Due to its focus on detailing the meta-theoretical underpinnings of research conducted in this discipline, I began to look more at the perspectives conveyed in critical health psychology related to my own research topic. Critical theorists such as Deborah Lupton offered some insightful alternative perspectives on peoples’ and society’s relationship with digital health technologies – exploring the power dynamics at play with the surveillance of health data through biosensors, for example, where people are nudged in different directions to behave a certain way. A perspective such as this looks beyond the individual’s responsibility to remain healthy and strives to understand how there are, in fact, other oppressive systemic issues at play that also determine people’s health decisions and outcomes, rather than just individual cognitions. I have begun to integrate these perspectives into my own work – thinking critically about the implications of introducing a technology such as immersive virtual reality into retired and non-working adults’ lives rather than simply looking at how an individual engages with the technology and what would encourage them to engage with it more.
I am still just learning about critical health psychology – analytic methods used such as discursive analysis, and its broader scepticism towards how science and society as a whole are defined and enforced. I am navigating this body of work with a number of researchers in my department who are also beginning to explore critical health psychology, and we come together each month to discuss critically orientated research that is relevant to our work. Admittedly, I struggle with the conceptualisations of such methods and scepticisms voiced in critical disciplines and have a long way to go before understanding where I think I fit in as researcher. This struggle is nicely summarised through the conflict Chomsky and Foucault have in their conceptualisations of reality and knowledge. To paraphrase the words of the moderator of that discussion – both Chomsky and Foucault are climbing the same mountain towards the same peak, but from different sides. I find myself climbing both sides of that mountain on a given day when thinking about which direction I want to go with my own research. Teasing out this conflict with other researchers is where my own interests currently lie.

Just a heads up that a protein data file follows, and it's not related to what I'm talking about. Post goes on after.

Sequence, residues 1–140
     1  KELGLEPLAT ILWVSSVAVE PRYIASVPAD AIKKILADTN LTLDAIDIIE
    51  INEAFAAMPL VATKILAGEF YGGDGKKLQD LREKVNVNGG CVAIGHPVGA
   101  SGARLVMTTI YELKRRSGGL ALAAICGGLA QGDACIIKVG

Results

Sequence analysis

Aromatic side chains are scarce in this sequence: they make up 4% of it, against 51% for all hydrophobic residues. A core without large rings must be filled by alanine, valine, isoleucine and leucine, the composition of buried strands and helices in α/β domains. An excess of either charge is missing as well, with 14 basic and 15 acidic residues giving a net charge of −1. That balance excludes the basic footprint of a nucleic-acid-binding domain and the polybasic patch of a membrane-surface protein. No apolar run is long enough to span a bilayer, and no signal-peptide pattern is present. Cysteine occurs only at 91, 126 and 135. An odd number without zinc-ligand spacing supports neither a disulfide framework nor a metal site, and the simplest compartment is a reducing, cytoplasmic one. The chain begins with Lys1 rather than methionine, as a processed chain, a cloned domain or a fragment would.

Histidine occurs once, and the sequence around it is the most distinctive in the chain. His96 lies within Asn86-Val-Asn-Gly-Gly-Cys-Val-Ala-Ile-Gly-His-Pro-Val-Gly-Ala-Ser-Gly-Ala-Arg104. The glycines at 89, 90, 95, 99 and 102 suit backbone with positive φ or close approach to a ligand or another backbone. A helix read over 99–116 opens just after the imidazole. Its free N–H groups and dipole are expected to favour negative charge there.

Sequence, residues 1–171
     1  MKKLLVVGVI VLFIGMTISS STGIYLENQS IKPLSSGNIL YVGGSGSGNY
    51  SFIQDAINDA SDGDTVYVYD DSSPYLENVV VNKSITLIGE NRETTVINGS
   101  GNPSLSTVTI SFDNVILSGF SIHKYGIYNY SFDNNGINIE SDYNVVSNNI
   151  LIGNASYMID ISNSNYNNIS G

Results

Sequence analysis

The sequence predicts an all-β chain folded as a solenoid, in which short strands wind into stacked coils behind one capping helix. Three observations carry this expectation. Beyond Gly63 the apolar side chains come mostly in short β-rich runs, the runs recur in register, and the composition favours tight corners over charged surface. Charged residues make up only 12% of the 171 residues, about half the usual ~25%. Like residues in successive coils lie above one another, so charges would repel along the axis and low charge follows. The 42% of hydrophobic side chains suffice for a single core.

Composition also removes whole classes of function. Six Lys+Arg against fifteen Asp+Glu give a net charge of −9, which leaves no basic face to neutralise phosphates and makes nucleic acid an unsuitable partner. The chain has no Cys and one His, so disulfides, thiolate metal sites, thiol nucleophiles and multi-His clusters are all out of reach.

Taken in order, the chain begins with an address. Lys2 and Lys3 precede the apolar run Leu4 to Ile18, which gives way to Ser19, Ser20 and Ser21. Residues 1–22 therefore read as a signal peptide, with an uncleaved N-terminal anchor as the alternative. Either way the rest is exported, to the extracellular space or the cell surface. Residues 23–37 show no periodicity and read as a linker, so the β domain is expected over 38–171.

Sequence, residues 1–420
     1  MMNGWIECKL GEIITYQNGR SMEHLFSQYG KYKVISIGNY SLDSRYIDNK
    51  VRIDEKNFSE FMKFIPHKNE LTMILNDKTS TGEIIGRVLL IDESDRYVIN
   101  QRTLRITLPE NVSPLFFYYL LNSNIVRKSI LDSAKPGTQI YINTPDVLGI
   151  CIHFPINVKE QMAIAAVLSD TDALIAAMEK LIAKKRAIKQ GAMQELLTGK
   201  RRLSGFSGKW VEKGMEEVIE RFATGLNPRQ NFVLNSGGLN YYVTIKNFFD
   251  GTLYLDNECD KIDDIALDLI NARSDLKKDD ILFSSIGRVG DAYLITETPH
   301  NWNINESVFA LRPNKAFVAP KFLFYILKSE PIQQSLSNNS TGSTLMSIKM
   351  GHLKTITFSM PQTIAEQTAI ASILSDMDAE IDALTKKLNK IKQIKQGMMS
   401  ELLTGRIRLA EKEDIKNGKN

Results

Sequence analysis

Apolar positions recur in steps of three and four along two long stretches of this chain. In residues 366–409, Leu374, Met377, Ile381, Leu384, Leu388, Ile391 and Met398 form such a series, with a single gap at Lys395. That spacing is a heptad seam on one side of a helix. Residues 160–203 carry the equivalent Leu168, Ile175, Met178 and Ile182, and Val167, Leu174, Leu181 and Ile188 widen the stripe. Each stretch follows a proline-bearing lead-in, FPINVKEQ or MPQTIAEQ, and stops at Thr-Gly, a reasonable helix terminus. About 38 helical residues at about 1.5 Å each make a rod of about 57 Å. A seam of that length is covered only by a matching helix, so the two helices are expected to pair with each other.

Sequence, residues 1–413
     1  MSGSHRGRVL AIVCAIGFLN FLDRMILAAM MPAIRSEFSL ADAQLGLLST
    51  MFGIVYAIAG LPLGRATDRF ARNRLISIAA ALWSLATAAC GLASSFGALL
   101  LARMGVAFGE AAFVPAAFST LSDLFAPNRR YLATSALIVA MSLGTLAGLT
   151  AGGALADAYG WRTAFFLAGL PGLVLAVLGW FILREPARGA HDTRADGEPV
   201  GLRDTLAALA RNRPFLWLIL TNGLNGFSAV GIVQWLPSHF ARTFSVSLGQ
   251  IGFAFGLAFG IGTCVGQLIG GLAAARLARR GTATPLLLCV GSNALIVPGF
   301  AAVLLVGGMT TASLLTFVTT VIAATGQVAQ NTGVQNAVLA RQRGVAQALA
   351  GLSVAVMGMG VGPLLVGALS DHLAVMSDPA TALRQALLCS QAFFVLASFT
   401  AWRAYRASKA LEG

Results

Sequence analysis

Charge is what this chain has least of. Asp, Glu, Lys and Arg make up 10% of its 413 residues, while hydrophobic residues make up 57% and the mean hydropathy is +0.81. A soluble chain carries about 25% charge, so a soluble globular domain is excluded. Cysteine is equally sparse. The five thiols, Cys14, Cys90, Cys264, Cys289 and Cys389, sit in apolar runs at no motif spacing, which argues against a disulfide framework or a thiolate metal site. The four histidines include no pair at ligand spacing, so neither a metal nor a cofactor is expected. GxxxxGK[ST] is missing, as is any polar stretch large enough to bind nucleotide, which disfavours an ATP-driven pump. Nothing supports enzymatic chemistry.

Lupton, D. (2013). Quantifying the body: Monitoring and measuring health in the age of mHealth technologies. Critical Public Health, 23(4), 393–403. https://doi.org/10.1080/09581596.2013.794931
Michie, S., Atkins, L., & West, R. (2014). The behaviour change wheel: A guide to designing interventions (Vol. 26).
Michie, S., Richardson, M., Johnston, M., Abraham, C., Francis, J., Hardeman, W., Eccles, M. P., Cane, J., & Wood, C. E. (2013). The Behavior Change Technique Taxonomy (v1) of 93 Hierarchically Clustered Techniques: Building an International Consensus for the Reporting of Behavior Change Interventions. Annals of Behavioral Medicine, 46(1), 81–95. https://doi.org/10.1007/s12160-013-9486-6
Ogden J. (2016). Celebrating variability and a call to limit systematisation: the example of the Behaviour Change Technique Taxonomy and the Behaviour Change Wheel. Health Psychology Review, 10(3), 245-50. https://doi.org/10.1080/17437199.2016.1190291
About the author
David is a PhD researcher based in the School of Psychology at the University of Galway, Ireland. As part of his PhD project, he is developing an immersive virtual reality behaviour change intervention to support retired and non-working adults to reduce their time spent sedentary; with a focus on understanding if and how immersive virtual reality would/should be adopted in this context. David’s other research interests include co-production, responsible AI in healthcare, and philosophy of science.
He can be reached via email at firstname.lastname@example.org or on Twitter @David_Healy95.